GHOSTS ON THE LOOSE
THE EAST SIDE KIDS MEET BELA LUGOSI
The most notable aspect of Ghosts on the Loose is its misleading title. There are no ghosts or haunted houses in the film, nor even the suggestion or belief that there are any. The closest the film comes is a running cameo from a next-door neighbour who rings up the police because she believes the noises she hears are ghosts. Being Monogram, Ghosts on the Loose is an amazingly cheap production the camera is static throughout, the photography is poor. Moreover, the film is directed by legendary B-budget director William One-Shot Beaudine, who helmed a number of the East Side Kids comedies.
Nevertheless, The East Side Kids have a engagingly energetic level of knockabout comedy. Leo Gorcey has a unique screen presence a total motormouth with an Irish accent that you could chisel bricks with. Much of the comedy centres around his malapropisms morals on the wall, intimidating evidence, you should go to an optimist and get your eyes checked and so on. There is an amusing ending where Huntz Hall contracts German measles, which consist of swastikas all over his face.
Unfortunately, an engaging beginning pans into a pitiful middle. The hauntings centred around faces appearing behind portraits, a picture of Napoleon that turns around, and some odd noises are utterly banal. That is as scary as the film gets. The wartime propagandist message is dreadfully forced. Bela Lugosi, typecast again one is certain the ghostly associations of the title have more to do with the simple fact of his casting than anything else is given almost nothing to do.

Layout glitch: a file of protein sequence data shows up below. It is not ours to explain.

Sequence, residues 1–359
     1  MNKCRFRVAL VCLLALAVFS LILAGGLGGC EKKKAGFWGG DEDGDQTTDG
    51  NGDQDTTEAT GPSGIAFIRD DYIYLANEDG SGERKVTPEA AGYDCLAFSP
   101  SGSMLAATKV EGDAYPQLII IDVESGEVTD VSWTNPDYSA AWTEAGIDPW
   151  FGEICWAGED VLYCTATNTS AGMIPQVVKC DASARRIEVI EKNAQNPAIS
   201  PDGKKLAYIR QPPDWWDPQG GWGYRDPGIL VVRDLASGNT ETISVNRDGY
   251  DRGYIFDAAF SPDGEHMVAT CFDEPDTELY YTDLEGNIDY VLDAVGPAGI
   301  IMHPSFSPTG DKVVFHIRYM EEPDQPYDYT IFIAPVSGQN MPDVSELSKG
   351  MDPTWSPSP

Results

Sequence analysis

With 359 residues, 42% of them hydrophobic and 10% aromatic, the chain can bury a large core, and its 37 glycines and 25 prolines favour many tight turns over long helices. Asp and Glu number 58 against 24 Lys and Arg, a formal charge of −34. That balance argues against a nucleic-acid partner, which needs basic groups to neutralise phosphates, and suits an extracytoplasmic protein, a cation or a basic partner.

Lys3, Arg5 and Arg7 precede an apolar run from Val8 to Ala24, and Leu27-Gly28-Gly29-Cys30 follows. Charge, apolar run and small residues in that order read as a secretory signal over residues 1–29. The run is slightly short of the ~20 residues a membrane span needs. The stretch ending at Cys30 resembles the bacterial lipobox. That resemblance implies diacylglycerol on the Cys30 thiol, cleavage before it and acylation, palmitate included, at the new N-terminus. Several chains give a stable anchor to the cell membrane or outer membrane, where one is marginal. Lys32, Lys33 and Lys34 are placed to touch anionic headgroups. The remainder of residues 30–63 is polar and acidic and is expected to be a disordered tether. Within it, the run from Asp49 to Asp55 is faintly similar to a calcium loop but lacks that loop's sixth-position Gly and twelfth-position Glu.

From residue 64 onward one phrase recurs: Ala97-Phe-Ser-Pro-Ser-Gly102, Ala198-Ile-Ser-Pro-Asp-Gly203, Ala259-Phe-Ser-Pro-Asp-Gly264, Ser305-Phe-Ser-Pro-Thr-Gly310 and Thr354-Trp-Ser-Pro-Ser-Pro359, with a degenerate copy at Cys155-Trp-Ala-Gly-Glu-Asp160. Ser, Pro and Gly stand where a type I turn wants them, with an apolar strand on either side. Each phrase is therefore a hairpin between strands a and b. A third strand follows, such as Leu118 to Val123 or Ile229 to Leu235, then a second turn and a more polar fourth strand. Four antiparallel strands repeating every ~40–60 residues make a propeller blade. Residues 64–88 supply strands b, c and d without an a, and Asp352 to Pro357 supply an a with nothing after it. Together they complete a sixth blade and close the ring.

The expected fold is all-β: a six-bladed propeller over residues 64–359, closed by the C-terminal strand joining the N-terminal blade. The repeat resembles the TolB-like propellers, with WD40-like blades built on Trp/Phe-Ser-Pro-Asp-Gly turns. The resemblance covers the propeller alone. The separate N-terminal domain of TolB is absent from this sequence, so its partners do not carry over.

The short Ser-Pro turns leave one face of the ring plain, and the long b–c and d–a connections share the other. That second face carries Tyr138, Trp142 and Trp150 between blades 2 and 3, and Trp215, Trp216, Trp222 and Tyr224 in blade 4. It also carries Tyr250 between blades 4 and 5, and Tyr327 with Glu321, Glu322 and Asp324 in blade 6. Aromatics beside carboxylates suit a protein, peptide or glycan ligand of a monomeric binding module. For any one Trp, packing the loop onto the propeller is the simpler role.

Director William Beaudine had a prolific career that lasted from the 1910s until his death in the 1970s. He was mostly known as a director who could shoot fastly and cheaply. He made some 350+ films, although this figure is misleading as many of these were silent films and not feature length. Beaudine did make a number of other genre films, including the Old Dark House film The Living Ghost (1942), the comedy Lucky Ghost (1942), the mad scientist film The Ape Man (1943), the mad scientist film Voodoo Man (1944), the mad scientist film The Face of Marble (1946), the East Side Kids/Bowery Boys Old Dark House comedy Spook Busters (1946), the Bowery Boys film Ghost Chasers (1951), the mad scientist comedy Bela Lugosi Meets a Brooklyn Gorilla (1952), the Bowery Boys film Jalopy (1953), the Bowery Boys film Paris Playboys (1954), the Bowery Boys film Up in Smoke (1957), the notorious Z-budget films Billy the Kid Versus Dracula (1966) and Jesse James Meets Frankensteins Daughter (1966), and The Green Hornet (1974), a compilation of episodes of the superhero tv series.
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